- - Sunday, October 17, 2010


Pope canonizes first Australian saint

Pope Benedict XVI proclaimed Australia’s first saint on Sunday, canonizing a 19th-century nun and declaring five other saints in an open-air Mass attended by tens of thousands.

Chants of “Aussie Aussie Aussie! Oi Oi Oi!” echoed throughout St. Peter’s Square as a raucous crowd of flag- and balloon-carrying Australians used a traditional sports cheer to celebrate the honor bestowed on the late Mary MacKillop, a native of their country. In Sydney, huge images of the nun were projected onto the sandstone pylons of the iconic Sydney Harbor Bridge.

Speaking in Latin on the steps of St. Peter’s Basilica, Benedict solemnly read out the names of each of the six new saints, declaring each one worthy of veneration in all the Catholic Church. Among them was Brother Andre Bessette, a Canadian who was known as a “miracle worker” and revered by millions of Canadians and Americans for healing thousands of sick who came to him.

“Let us be drawn by these shining examples, let us be guided by their teachings,” Benedict said in his homily, delivered in English, French, Italian, Polish and Spanish to reflect the languages spoken by the church’s newest saints.


Finance official extols budget cuts

LONDON | Britain’s finance minister said spending cuts to be announced this week will restore credibility to a country that had been on the brink of bankruptcy, as he vowed Sunday to see the measures through to the end.

George Osborne said that Wednesday’s comprehensive spending review - the biggest test yet for Prime Minister David Cameron’s coalition government — was complete, five months after ministers inherited a record deficit.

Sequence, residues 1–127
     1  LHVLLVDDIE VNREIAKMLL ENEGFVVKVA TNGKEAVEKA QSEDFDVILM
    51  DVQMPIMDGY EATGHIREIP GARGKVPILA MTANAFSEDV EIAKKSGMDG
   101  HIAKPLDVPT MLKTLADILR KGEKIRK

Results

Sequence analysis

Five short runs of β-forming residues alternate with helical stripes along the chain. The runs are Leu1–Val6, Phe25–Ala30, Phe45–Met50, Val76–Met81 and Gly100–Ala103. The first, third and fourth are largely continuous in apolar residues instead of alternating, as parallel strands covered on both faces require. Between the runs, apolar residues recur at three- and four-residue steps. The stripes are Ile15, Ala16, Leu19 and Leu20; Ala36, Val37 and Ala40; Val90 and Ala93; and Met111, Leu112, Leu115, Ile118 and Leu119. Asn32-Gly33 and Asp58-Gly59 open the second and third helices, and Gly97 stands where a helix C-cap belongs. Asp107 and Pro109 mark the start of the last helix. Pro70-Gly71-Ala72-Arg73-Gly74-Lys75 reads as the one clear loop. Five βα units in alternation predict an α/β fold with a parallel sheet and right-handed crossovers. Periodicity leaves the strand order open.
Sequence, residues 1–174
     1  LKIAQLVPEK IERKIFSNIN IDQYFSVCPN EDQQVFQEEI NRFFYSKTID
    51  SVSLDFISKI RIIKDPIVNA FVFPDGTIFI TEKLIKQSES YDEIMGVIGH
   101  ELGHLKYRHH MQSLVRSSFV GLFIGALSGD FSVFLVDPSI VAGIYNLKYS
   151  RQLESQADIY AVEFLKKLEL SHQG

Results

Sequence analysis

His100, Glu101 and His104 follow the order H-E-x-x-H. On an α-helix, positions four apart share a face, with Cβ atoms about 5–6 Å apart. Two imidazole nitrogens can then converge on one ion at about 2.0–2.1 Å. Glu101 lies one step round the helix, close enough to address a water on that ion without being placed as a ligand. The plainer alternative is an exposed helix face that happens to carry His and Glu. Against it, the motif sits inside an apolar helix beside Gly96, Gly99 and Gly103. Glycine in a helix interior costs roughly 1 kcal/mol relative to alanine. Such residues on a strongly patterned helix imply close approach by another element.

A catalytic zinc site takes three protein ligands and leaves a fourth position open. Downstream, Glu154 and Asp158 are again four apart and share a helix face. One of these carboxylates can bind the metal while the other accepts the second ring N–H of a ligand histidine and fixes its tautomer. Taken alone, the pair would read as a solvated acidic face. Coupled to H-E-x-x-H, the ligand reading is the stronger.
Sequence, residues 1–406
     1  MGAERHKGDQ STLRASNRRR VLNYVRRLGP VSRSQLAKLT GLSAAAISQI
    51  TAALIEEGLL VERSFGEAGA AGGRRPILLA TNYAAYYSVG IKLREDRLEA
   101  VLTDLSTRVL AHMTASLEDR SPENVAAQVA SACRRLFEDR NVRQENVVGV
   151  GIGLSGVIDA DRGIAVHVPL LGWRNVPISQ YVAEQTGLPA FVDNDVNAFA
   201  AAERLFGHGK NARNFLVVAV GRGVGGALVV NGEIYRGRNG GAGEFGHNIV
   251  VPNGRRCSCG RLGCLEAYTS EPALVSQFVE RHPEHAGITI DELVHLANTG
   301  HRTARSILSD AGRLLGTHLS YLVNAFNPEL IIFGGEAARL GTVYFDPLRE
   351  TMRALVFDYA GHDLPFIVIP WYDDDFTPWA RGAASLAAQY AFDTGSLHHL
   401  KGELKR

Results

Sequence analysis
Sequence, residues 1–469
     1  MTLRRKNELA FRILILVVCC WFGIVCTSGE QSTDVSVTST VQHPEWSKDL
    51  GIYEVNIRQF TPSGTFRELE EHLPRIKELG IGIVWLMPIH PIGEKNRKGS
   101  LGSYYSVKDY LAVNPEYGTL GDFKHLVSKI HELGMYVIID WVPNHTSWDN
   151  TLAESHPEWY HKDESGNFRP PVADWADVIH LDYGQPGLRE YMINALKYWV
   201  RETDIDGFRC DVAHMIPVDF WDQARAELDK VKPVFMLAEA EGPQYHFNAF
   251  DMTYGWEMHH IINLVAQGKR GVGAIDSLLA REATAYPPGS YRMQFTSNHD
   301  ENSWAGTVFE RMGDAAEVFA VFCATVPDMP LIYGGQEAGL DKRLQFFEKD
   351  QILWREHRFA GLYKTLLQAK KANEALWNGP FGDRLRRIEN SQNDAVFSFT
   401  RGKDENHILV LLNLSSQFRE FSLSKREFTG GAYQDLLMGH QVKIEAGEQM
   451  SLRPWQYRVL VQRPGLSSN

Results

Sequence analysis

But he faces serious questions over whether the cuts will be so tough that they tip Britain back into recession.

With newspapers warning of a “bloodbath” and a “day of reckoning” ahead, the finance spokesman for the main opposition Labor Party, Alan Johnson, warned that the cuts were being made “too deeply and too quickly.”

Mr. Osborne, though, told the BBC: “Our plan is the plan that will restore credibility to the public finances.

“We have to see this through, and the course I set out in the budget [in June] is the one that we have to stick to because people in this country know we were on the brink of bankruptcy.

“If we’re going to have growth and jobs in the future, we’ve got to move this country into a place where people can invest with confidence.”

Britain’s public-sector borrowing is forecast to hit $238 billion in fiscal 2011. To tackle it, Mr. Cameron’s Conservative-Liberal Democrat government is proposing spending cuts that will average about 25 percent over four years in many departments from April.


Separatist says ETA should declare truce

MADRID | The imprisoned top leader of Batasuna, the banned political wing of ETA, said in an interview published Sunday that the Basque separatist group should declare a permanent cease-fire.

Arnaldo Otegi told Spain’s El Pais daily that if he had the ETA leadership before him, he would ask them to renounce violence and declare a “unilateral and permanent truce which can be verified by the international community.”

“There is no other path to independence other than those that follow the peaceful and democratic paths,” he told the newspaper. “Weapons, all weapons, should disappear definitively from the Basque political equation.”

Otegi, who was sentenced to two years in March for “glorifying” terrorism in remarks he made at a 2005 rally in memory of an imprisoned ETA member, Jose Maria Sagarduy, said ETA was not likely to resort to violence as it had announced “the end of armed action.”

“But if these incidents resume, [Batasuna] … will oppose them,” he said.

Batasuna was outlawed in 2003 for its links with ETA, which is held responsible for nearly 830 deaths in a 41-year campaign for independence for the Basque Country of northern Spain and southwestern France.

It wants the ban on its activities lifted so it can take part in municipal elections next year.

Spain’s secretary of state for security, Antonio Camacho, said last week that Batasuna would not be in a position to take part in the elections unless it broke off its ties to ETA or ETA permanently abandoned violence.

Otegi said there is “no organic link” between ETA and Batasuna.

From wire dispatches and staff reports

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